Last year I wrote a popular post on my personal blog about how I get things done. While there are a lot of great tips in there, over the last year I have learned a lot of new things to have changed and improved the way I work. We have created a course on getting stuff done, interviewed a bunch of productivity gurus, and with my pregnancy I had to learn to adjust my working style a bit.
The goal of this post is to update my previous productivity post and share the lessons I have learned along the way to continue making sure the work I am doing has the biggest impact possible.
All work is not created equal
The very first thing you need to realize when it comes to productivity is that there are things you can do that will have more impact than others. This can be for lots of reasons:
- You are exceptionally good at a particular task. Therefore you can do it faster or better.
- Certain projects will add more value. Nicholas Zakas talks about this in his article on a framework for thinking about work.
- You can’t force good ideas. Sometimes it helps to work on something particularly challenging and then come back to it later. By priming your mind, you can uncover great things given a bit more time.
- Different environments affect your abilities. If you are like me and are easily distracted, it is hard to work in a coffee shop or open office plan. Other people thrive in these environments. Understanding the impact of time and place on your tasks can impact your ability to get high quality work done quickly.
Thankfully a bit of self-awareness and forward planning can help you wrestle all of these things. Having this knowledge can also help with learning when and how to say an enlightened “no” to things that don’t fit with your core plans or priorities.
The key to doing the right work at the right time comes down to your ability to prioritize.
Making planning part of your process
Planning your work can’t be something you do once and a while, like at the start of a new project or a new quarter. Planning needs to happen regularly – daily, weekly, monthly and yearly. If you set aside time to reflect on where you have been, your experiences become assets over time.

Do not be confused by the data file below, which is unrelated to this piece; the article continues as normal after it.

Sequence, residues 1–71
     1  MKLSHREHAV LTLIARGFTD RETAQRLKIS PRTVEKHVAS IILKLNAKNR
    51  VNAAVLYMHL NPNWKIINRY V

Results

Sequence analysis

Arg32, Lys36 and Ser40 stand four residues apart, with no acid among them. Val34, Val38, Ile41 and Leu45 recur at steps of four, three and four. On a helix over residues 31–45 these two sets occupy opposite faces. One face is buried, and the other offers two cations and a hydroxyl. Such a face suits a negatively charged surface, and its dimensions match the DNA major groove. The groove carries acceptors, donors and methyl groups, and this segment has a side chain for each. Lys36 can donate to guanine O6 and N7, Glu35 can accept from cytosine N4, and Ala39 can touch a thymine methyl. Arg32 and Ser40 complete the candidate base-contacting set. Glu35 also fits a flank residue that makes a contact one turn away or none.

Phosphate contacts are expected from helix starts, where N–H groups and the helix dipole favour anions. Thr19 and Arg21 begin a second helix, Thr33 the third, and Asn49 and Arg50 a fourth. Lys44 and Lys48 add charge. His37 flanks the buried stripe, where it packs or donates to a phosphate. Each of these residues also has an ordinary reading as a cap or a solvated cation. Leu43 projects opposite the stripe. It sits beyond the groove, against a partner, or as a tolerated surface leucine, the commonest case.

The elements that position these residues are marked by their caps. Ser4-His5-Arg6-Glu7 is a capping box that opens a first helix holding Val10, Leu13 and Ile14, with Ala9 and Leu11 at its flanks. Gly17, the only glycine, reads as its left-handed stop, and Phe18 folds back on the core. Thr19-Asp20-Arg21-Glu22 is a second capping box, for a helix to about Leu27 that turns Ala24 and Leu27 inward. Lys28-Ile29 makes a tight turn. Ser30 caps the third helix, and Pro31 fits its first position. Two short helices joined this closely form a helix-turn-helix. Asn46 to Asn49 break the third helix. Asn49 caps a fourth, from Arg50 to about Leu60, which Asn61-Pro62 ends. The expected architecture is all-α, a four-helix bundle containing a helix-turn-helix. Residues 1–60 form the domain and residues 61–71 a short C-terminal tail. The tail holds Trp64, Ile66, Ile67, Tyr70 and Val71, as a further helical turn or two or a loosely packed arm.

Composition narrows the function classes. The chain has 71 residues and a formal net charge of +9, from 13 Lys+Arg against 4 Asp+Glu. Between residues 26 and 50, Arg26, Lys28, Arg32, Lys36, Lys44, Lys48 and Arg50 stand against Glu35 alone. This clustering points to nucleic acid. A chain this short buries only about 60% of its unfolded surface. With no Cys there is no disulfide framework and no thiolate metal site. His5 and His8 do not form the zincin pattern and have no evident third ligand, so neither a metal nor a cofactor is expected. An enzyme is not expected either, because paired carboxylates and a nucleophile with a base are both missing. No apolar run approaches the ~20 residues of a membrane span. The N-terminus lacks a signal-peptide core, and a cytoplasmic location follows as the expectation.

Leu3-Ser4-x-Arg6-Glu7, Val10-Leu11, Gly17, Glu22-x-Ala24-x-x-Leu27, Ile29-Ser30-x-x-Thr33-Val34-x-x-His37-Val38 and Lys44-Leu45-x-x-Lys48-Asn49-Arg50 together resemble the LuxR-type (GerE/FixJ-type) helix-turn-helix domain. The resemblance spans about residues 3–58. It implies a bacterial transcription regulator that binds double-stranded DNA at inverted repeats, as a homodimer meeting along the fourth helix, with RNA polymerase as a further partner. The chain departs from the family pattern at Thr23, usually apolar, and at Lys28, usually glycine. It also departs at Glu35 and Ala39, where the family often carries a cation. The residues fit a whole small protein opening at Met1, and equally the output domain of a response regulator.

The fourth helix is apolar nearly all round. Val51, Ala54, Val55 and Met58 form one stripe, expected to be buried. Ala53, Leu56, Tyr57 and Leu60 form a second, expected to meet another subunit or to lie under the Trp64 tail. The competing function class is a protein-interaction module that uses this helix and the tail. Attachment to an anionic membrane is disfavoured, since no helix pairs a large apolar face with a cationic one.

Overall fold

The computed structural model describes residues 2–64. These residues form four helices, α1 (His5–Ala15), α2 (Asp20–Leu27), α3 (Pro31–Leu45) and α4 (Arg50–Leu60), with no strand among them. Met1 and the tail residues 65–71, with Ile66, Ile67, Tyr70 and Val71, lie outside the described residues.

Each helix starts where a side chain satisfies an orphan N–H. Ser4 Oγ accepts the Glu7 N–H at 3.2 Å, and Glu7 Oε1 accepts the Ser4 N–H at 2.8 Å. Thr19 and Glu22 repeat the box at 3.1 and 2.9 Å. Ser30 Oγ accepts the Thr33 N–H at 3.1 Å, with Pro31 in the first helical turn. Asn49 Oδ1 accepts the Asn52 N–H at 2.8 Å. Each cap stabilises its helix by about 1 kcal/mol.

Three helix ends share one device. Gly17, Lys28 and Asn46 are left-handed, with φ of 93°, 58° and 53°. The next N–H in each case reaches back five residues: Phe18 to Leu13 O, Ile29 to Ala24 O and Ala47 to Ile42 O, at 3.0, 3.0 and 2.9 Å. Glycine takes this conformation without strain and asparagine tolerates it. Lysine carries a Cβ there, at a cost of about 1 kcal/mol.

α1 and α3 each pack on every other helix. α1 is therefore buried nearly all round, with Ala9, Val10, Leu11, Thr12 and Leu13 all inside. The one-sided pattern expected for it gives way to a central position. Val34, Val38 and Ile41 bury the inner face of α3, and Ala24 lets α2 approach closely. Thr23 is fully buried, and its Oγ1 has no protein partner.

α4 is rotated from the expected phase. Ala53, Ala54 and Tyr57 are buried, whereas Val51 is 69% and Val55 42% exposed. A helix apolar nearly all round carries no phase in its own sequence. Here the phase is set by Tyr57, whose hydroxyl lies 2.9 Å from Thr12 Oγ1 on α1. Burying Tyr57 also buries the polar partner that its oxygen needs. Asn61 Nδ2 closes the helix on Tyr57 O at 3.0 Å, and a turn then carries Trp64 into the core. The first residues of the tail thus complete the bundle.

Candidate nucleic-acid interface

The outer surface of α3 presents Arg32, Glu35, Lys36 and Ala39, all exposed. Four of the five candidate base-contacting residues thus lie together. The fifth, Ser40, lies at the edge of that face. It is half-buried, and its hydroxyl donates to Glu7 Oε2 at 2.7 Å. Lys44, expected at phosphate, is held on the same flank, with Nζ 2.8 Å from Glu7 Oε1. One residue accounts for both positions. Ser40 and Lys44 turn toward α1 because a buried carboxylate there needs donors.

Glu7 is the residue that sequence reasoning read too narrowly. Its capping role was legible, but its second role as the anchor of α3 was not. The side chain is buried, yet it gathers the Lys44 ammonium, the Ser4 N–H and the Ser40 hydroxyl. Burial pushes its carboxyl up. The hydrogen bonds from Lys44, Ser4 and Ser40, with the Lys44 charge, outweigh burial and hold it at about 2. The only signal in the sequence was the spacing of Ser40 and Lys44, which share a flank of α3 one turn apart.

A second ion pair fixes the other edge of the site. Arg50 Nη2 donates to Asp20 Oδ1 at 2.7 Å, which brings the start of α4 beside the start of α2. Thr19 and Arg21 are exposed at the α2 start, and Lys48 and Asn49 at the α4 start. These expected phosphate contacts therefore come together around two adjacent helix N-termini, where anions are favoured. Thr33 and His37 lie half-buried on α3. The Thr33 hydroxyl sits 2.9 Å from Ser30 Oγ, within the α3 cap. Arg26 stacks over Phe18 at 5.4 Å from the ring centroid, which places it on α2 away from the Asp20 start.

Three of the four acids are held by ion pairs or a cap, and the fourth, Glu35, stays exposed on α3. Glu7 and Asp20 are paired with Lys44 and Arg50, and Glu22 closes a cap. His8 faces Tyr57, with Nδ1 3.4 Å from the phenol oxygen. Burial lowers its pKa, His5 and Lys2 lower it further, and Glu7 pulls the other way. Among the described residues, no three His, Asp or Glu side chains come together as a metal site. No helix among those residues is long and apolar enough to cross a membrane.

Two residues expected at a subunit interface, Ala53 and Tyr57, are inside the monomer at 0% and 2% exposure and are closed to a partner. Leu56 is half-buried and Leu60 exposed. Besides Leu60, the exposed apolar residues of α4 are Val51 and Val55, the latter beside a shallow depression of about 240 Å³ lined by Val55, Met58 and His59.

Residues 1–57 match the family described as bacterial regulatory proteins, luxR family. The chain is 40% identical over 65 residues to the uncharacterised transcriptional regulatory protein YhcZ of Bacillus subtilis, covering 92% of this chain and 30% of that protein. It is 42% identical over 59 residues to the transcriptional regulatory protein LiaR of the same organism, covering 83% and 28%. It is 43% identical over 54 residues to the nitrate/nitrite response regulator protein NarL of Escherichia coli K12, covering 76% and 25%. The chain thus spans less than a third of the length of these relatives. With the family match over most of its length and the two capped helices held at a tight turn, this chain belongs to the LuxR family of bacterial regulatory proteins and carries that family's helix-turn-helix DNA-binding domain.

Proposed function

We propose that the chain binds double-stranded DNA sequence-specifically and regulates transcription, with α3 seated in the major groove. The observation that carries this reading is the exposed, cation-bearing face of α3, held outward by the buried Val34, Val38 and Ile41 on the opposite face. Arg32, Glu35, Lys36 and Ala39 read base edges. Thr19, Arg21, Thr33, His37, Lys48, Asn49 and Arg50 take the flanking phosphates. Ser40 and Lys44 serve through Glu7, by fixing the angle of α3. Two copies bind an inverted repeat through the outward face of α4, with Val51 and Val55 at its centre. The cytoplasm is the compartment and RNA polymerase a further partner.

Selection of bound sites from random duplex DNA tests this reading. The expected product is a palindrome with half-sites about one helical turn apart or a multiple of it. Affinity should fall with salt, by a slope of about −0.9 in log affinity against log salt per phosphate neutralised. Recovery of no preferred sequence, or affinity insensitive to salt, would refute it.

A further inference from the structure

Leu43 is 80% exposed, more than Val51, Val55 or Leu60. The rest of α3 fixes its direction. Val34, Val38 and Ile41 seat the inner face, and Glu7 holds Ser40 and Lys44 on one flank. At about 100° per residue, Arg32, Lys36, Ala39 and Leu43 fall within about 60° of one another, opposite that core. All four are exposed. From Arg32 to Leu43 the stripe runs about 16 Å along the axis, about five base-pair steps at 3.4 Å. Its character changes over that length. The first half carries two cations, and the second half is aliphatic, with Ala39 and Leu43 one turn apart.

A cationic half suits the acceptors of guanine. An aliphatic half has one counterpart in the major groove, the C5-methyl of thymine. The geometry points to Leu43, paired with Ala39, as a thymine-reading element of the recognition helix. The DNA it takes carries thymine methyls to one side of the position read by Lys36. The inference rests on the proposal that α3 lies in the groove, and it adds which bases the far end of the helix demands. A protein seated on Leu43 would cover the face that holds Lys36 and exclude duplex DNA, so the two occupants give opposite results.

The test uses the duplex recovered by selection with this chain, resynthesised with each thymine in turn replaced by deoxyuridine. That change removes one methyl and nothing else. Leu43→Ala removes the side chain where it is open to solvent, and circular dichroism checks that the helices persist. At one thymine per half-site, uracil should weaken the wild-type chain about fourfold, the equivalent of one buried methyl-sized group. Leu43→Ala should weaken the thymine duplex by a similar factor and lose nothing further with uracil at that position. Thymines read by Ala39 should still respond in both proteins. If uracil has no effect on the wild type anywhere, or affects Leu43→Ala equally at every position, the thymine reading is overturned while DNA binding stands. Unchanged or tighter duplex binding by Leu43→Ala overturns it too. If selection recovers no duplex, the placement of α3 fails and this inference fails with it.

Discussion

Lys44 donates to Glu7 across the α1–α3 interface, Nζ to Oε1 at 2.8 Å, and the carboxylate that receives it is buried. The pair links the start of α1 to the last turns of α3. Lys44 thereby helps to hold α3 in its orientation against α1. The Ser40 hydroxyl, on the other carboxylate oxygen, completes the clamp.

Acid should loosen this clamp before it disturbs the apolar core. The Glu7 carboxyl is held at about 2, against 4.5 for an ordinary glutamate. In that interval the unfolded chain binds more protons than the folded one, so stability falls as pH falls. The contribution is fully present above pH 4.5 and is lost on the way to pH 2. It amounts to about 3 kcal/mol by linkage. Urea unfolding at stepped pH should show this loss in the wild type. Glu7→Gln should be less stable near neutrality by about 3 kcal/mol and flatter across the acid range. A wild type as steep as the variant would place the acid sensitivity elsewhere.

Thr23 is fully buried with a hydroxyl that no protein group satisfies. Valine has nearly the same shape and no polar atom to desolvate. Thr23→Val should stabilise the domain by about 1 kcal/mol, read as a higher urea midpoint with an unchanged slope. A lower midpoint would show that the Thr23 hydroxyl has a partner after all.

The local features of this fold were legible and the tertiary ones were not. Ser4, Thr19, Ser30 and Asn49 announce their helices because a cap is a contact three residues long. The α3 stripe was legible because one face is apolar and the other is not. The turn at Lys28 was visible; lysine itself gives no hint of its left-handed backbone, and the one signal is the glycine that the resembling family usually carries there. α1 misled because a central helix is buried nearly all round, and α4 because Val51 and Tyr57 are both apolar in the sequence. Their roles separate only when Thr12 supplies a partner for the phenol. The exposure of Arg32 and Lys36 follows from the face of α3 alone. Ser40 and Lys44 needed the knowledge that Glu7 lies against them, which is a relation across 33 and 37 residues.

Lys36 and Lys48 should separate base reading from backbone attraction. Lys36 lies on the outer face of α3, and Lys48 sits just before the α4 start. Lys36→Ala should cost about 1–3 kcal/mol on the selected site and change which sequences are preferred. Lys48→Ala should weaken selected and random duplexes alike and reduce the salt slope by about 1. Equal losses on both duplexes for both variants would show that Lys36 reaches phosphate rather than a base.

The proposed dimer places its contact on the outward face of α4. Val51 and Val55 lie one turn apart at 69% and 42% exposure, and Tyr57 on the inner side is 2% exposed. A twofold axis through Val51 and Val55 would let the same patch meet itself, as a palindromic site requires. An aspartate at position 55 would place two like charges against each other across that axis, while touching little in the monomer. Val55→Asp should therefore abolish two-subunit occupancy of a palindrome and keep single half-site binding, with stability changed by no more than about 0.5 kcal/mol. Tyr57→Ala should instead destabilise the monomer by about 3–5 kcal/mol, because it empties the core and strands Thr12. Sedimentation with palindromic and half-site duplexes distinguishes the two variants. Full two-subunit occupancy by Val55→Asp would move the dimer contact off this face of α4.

In order to incorporate planning, you have to make it a habit. That means adding it to your schedule, calendar, and workflow.
For each time interval, figure out what sort of schedule and prioritization will work for you. That is the real trick – taking these lessons and actually integrating them into your life so they are a habit, and perhaps even something you look forward to.
Do you know your long term goals? Have you written them down? Have you put them in a prominent place where you can see them every day?
My yearly goals tend to be big things, and I like to think of each area of my life and have objectives. Sometimes they are concrete things like get to $1M in revenue for our business, or give birth to a healthy baby. Other areas of my life are less concrete and about how I want to feel. For example, I really want to get back in shape after having my baby and I envision myself hiking and doing yoga regularly to make that happen.
Since these are such a hodge podge of stuff, I like to do my planning with pictures instead of specifics. For my long term goals I use a vision board from images collected online, collaged with picasa, and then printed with Shutterfly.
I tend to create a monthly theme for myself and identify 3 things I really want to accomplish.
We also create a theme for our business each month (like increase email sign ups, launch Pop Star, etc.). This is easier than outlining a specific set of detailed objectives and timeline, as it allows me to be a bit more fluid with my planning each day and each week.
And since the themes change monthly, if there is something I want to tackle that doesn’t fit my month’s theme I just postpone it to next month. This gives me focus but also the ability to adapt and be flexible.
I keep track of these in my notebook and I reference back to them regularly.
At Popforms, we practice Monday Ninja Planning Sessions. The trick here is reserving regular time with yourself to reflect on what matters and what really will move the needle for you that week. For some people this means having a conversation with your manager or supervisor and really honing in on what is the most important thing to tackle.
While I don’t have the perfect system for these, I write my weekly goals and objectives in the same notebook where I track my daily work so it is quick and easy to reference the things I set out to accomplish each week.
To make the most of each day I use a technique called time blocking. This wasn’t something I needed when I was working in a corporate job, with an office and a calendar jam-packed with meetings. However, as an entrepreneur this technique has been one of the most effective tools to help me focus and make forward progress every single day.